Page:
NEWS OF THE DAY.
Visiting Athletes. At Sturges Park last evening the visiting Japanese athletes were besieged by the small fry of the district in quest of autographs. The Japanese made no demur at the onslaught, and it was only when his fountain pen had run dry that one of the visitors waved the admiring crowd away.
Housing of Maoris. In pursuance of the Government's policy of improving the condition of Maoris, a thorough survey of their housing is being made. -Maoris of the Thames district have enlisted the co-operation of Mr. J. Thorn, M.P. for Thames, who is superintending the preparation of a report on the housing and general conditions in his electorate.
Paeroa Boat Service. Due to the falling-off in the passenger trade, the Auckland-Paeroa steamer Taniwha may be withdrawn from the service in the near future and replaced by a steel-hulled auxiliary vessel which the Northern Steamship Company has at Auckland. Due to the shoaling of the berthage at Paeroa some inconvenience is now being experienced in loading the Taniwha. The low tide depth is about 4ft 6in, and when fully laden the steamer draws 7ft. As a result it has been found necessary to move the steamer to an adjoining landing place for reception of the final lots of cargo from the Te Aroha barge. The berthage is to be dredged in the near future by a P.W.D. dredge which is now being got ready.
Remains of Squid? A mass of flesh, Lift long T>y Oft wide, estimated to weigh several hundredweight, which was found embedded in the sand inside the South Head at Kaipara Harbour last wee'*, is believed to be the herd of a giant squid, a relative of the octopus, which grows to enormous size in the deepest parts of the sea. The flesh is white, fibrous and very toagh, and there are no bones in it. Messrs. E. G. Turbott, assistant zoologist at the Auckland War Memorial Museum, C. A. Fleming and R. Waddell examined the find last week, and a further examination is to be made within a few days, when it is hoped to turn the mass over, with the aid of a team of horses, and extract, if it is there, the parrot-like beak, which is the only hard part of the squid. Squids 30ft long have been washed ashore at Lyall Bay, Wellington, while one washed ashore at Miami, Florida, -was 60ft long.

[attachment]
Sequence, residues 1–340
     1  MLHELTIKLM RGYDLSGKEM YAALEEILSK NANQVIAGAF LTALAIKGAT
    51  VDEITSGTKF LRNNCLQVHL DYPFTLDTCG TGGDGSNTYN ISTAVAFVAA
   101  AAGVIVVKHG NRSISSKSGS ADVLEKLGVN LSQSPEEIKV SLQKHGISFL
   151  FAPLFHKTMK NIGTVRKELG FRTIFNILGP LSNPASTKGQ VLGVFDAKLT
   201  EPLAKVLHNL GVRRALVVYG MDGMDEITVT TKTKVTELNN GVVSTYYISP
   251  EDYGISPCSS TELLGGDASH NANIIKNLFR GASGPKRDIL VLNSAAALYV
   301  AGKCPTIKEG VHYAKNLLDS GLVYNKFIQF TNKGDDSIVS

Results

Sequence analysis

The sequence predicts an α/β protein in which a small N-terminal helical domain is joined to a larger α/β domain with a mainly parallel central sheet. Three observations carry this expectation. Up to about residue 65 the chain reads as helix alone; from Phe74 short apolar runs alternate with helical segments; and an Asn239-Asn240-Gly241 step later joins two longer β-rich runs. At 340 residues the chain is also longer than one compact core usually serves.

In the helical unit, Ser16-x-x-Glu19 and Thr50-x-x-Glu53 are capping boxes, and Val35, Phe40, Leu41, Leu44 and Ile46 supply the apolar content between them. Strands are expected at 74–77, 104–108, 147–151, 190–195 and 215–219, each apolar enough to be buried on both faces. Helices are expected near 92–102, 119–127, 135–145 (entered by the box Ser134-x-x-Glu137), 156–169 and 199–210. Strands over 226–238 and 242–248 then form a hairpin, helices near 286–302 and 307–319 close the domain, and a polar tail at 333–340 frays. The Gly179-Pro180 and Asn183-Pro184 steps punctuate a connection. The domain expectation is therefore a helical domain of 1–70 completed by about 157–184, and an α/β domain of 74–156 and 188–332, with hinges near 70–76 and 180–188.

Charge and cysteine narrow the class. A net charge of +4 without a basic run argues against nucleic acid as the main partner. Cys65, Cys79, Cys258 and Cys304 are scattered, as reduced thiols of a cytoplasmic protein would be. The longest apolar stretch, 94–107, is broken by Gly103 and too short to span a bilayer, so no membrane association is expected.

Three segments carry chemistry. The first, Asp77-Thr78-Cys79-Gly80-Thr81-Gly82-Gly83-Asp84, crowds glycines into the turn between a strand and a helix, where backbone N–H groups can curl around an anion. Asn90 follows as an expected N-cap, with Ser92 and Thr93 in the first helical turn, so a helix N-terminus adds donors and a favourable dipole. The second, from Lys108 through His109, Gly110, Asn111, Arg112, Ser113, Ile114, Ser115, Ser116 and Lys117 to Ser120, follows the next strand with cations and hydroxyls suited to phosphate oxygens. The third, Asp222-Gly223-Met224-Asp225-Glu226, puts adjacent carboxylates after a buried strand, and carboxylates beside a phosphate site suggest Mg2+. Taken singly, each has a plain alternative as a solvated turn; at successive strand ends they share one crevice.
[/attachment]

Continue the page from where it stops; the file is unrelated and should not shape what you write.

Cost of Living. That there had been any great increase in the cost of living was denied by Mr. James Thorn, M.P. for Thames, in an address to farmers at Hikutaia. Quoting from the "Abstract of Statistics," Mr. Thorn showed that in November, 1933, when the Labour Government took office, the cost of living figures over the whole Dominion were 35.8 per cent above the July, 1914, level, and in November last the increase over 1914 had only risen to 40.3 per cent. The increase of 4| per cent since Labour took office would not have been so great had farmers not been getting higher prices for what they were selling, particularly for dairy produce and meat.
Old Engines. The old 'JVestern Springs pumping station may in time become a museum of mechanical relics and models. This likelihood is embodied in a recommendation adopted by the Auckland City Council last night. Mr. J. Gaddis, writing with-regard to the proposed dismantling of the old beam engine at Western Springs, suggested that, with a view to its preservation, the station might be converted into a place where other mechanical relics could be exhibited. The of- the Auckland branch of the New Zealand Society of Civil Engineers stated in a letter that members of his society .-and-of other engineering institutions had visited the site, and asked for.consideration of a proposal to retain the plant; The • public services committee reported that a deputation from the society had waited on it, suggesting that one of the engines and a boiler be retained to form the nucleus of a museum which would be of great value to engineering students and, of interest to the public. Professor S. £. Lamb, of Auckland University College, bad stated that if the council decided to go on with the proposal he would suggest that a small body of engineers should be set up to see if other engines could be obtained from England to add to the museum. The committee had visited the plant, am! it recommended last night that the engine should be retained and suitable provision made from time to time for the conversion of the building into a museum for mechanical relics and models.
Invalidity Pensions. Pensioners in New Zealand have increased by between 15,000 and 10,000 in the three or four months since the amended pensions legislation appeared on the Statute Book, stated Mr. J. Thorn, M.P. for Thames, in an address to farmers at Hikutaia. A considerable number of these pensioners are chronic invalids, and by the end of this year between 8000 and 9000 such persons will be receiving pensions. Kecently he had visited Thames and Waihi with the Commissioner of Pensions, and 120 men and women who were in trouble about pensions had been interviewed. He had been amazed at the percentage of chronic invalids, and had been grateful to hear quite a number told by the Commissioner tnat Uiey would get the invalidity pension. The legislation would clear away a terrible burden of anxiety suffered by thousands of men and women who are too weak to battle for themselves.